Take a good look at the picture below. Do you see a circle? Or not a circle?

It turns out that your answer to this question will likely predict where you fall on the political spectrum – liberal, conservative, or somewhere in the middle.

Photo Credit: Spring.org

Here goes: if you’re liberal-minded, you likely shrugged and said “sure, I’d call that a circle.”

It also means that you’re more likely to support the legalization of cannabis, gay marriage, and support government-funded programs like welfare.

If you squinted, then frowned and shook your head, thinking “that has too many squiggly lines to be a circle,” then it’s likely that you see the world through a more conservative lens.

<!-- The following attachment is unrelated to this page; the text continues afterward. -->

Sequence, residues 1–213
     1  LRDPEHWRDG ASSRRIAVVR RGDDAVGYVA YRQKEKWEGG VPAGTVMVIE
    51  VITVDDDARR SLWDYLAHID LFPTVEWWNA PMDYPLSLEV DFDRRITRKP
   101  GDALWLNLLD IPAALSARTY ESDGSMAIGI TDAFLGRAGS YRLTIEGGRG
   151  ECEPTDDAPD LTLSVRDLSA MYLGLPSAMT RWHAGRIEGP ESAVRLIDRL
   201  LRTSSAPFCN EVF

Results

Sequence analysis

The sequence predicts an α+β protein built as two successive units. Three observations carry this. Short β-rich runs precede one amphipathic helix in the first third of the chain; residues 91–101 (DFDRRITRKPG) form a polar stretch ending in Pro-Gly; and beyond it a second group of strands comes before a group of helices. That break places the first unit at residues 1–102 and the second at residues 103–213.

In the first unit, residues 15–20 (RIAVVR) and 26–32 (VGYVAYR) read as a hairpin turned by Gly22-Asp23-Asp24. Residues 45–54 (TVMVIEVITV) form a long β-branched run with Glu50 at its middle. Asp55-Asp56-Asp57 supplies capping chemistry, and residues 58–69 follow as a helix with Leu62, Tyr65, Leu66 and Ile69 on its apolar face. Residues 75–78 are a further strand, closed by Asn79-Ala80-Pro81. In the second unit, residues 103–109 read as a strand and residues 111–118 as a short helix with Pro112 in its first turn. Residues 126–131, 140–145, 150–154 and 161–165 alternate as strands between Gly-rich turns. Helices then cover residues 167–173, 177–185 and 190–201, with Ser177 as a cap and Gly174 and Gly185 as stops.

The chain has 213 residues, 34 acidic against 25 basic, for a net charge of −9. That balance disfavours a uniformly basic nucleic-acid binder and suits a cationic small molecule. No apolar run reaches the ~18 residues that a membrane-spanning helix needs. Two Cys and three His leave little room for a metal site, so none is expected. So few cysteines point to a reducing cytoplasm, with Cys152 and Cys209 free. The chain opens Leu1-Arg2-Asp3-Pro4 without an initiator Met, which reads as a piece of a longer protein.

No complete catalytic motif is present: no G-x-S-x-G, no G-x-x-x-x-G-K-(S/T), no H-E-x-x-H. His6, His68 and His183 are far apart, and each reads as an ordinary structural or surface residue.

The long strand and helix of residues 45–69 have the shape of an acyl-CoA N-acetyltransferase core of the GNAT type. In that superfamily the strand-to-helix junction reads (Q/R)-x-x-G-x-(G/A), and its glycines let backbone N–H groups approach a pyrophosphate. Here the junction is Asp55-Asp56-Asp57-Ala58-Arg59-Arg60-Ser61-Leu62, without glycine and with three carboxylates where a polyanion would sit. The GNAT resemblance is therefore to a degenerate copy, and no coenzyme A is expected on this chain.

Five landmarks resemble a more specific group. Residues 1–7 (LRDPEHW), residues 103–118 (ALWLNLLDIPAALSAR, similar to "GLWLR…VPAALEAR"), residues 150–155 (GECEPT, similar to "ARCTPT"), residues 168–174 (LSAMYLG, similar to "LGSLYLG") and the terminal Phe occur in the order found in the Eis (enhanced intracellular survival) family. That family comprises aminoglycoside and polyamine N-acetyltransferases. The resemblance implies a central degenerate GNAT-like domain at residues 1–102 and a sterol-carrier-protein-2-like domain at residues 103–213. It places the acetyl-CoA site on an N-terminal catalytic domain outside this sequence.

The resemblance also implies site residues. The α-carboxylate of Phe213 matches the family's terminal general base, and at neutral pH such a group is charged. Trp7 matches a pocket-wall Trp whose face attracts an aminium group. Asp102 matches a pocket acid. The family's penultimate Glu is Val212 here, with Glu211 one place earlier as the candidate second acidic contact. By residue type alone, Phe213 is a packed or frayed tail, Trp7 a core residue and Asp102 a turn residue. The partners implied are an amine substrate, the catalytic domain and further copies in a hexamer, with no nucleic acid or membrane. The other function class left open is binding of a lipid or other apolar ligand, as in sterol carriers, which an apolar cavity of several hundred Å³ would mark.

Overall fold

The test works on other shapes, too, fyi – as long as they’re not “perfect.” What it measures is our willingness to accept something that’s outside the “norm” as acceptable: ie, if you’re more tolerant of the difference between the shape in the picture and a circle, you’re more likely to accept deviance in society (and others). If you’re a stricter judge of geometry, you’ll view society (and others) through a similar lens.

Psychologists think that it boils down to what they call a negativity bias:

Our position on the political spectrum – right, left, or centrist – could be down to a deep-seated psychological bias in the way people think about the world…This finding, combined with other research from around the world, suggests our so-called ‘negativity bias’ – an automatic orientation towards negative aspects of our environments – may be at the heart of our place on the political spectrum.

What do you think? Is it a circle? Is it not? Does it matter?

I wanted to dismiss this whole thing as fluff, but the truth is that it was right. At least about me.

h/t: Spring.org

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